The art of fakery

In the digital era, when the distinction between original and copy is beginning to disappear, Gabriel de la Mora has submerged himself obsessively in the illegal economy of art to obtain the materia prima of his most recent project: apocryphal works that he submits to an aggressive process of regeneration focused on restoring the principle of authenticity. He carries this task out by means of an aesthetic of violence in which he mixes the contributions of avant-garde iconoclasm, minimalist sterility and conceptual craftiness: a reflexive experiment that wedges a margin of tension between authorial legitimacy and fraud, but above all between sensory experience, refinement and abjection. By placing us before the flourishing industry of fakes, the artist makes evident the instability of the institutions of art as well as the very concept of creation.

This enterprise no doubt transformed De la Mora into a relentless hunter searching for pieces on different strata of the underworld of the black market for art, as well as into an experienced negotiator dealing with galleries, auction houses, restoration workshops and collectors who had been taken by surprise. Confronting simulation led him to charge head-on toward the materiality of the adulterated work – not for morality’s sake but for that of language. Hence the dislocations and frictions of his project where he grinds, flays, dissolves, scratches, incinerates, melts, erases, encrypts, masks, blurs, empties, corrupts and resorts to the phantom, the double, the reverse, the reflection and the factice. But the principle of destruction does not renounce craftsmanship, thus, the artist’s workshop looks like a hectic factory from another era, which, admits both new technologies and a rigor that classifies, counts, weighs, measures and records: reductive technologies where, despite everything, the deceptive fingerprint of the other shows itself.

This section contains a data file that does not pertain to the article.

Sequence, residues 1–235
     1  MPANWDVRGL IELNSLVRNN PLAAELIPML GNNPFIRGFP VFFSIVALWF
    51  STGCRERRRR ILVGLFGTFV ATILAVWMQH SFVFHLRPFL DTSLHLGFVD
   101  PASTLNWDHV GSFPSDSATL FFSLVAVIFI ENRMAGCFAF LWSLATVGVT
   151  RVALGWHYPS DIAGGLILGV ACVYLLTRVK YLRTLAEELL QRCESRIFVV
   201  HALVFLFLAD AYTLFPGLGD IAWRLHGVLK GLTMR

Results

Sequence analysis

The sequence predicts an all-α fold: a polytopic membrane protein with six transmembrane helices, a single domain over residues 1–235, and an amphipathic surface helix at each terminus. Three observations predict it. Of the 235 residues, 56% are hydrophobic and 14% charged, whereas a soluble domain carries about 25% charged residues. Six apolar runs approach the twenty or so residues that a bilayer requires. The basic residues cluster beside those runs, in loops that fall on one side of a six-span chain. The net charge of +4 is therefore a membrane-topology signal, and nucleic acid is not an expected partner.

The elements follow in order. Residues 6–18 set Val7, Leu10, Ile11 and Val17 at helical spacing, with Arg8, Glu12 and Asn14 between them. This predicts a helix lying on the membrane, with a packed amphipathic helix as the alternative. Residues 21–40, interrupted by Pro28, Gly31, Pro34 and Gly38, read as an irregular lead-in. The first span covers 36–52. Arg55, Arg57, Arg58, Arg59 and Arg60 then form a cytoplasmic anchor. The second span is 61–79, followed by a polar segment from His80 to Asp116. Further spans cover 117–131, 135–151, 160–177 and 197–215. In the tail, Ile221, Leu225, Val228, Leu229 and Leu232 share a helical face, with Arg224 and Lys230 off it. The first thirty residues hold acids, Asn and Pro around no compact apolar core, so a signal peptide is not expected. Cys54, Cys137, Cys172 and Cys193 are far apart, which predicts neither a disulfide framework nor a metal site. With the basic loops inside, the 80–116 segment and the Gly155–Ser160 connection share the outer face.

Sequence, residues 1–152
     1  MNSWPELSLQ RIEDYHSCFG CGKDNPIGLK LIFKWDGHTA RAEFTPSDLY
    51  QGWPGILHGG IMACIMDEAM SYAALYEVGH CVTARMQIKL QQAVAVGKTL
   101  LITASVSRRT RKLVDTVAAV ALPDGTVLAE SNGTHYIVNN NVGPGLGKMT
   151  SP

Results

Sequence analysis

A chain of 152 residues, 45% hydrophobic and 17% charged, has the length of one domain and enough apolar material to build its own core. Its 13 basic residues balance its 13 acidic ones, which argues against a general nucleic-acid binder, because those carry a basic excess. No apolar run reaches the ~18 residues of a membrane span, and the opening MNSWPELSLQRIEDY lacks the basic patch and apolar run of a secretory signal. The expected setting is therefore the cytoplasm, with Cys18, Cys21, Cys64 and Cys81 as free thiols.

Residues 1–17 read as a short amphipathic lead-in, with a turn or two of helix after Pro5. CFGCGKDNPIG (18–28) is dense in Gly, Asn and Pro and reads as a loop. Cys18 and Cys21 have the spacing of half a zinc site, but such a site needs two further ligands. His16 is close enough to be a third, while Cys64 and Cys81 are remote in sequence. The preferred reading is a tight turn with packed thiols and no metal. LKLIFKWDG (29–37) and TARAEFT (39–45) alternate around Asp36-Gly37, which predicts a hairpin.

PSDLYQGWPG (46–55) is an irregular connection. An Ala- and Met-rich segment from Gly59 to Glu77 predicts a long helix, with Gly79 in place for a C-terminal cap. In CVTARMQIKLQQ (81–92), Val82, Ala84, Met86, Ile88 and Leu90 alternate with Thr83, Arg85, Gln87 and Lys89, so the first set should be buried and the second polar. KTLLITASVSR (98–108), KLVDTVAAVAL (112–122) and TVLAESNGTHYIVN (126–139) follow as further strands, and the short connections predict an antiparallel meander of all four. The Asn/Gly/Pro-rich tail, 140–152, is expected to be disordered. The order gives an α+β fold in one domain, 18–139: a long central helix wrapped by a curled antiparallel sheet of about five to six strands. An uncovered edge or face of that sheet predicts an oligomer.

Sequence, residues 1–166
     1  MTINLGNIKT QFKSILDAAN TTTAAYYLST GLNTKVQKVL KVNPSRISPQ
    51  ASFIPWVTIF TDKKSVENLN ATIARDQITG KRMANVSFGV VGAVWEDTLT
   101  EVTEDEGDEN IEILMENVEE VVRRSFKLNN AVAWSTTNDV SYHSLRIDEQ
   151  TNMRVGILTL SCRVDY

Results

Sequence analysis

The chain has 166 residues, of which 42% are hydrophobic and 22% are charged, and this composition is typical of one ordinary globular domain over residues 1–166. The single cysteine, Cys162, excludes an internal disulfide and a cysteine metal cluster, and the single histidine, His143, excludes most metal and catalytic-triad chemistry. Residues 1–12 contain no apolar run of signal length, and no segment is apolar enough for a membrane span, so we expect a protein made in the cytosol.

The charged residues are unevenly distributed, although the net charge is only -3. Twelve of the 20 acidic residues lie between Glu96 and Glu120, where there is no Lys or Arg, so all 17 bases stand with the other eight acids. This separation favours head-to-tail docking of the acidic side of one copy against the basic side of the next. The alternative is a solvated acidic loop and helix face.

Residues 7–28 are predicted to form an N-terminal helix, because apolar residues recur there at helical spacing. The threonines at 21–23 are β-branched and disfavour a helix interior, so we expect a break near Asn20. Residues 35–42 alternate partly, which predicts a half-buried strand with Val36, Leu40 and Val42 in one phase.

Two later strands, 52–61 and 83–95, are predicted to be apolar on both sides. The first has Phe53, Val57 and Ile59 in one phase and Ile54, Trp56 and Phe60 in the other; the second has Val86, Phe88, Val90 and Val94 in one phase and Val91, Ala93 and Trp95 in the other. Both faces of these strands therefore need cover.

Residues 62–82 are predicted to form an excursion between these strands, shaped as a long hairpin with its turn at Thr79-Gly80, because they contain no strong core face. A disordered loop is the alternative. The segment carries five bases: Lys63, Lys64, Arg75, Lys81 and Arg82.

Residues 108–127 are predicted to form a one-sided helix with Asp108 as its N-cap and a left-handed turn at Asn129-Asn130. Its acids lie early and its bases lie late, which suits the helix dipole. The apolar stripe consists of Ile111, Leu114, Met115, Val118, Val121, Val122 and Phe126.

It is precisely the function of “art” that is responsible for bringing into play a simulation that could never be accused of falsification, a legitimate fiction that, furthermore, is valued as one of the highest expressions of humanity. Nevertheless, an impossible challenge for this project is to confront the degree to which both genuine and fake art are sustained by elaborate processes of subjectification, and whether, if artistry implies a boundless fictionality, it applies equally and limitlessly to falsification. Whence its strange exponential proliferation, given that “opportunity” inflames desire to such a degree that greed makes the trafficker, the collector and even the potential buyer indistinguishable. And in between, the involuntary irony of an ever present zone of ambiguity: what if the work destroyed was real?

Francisco Reyes Palma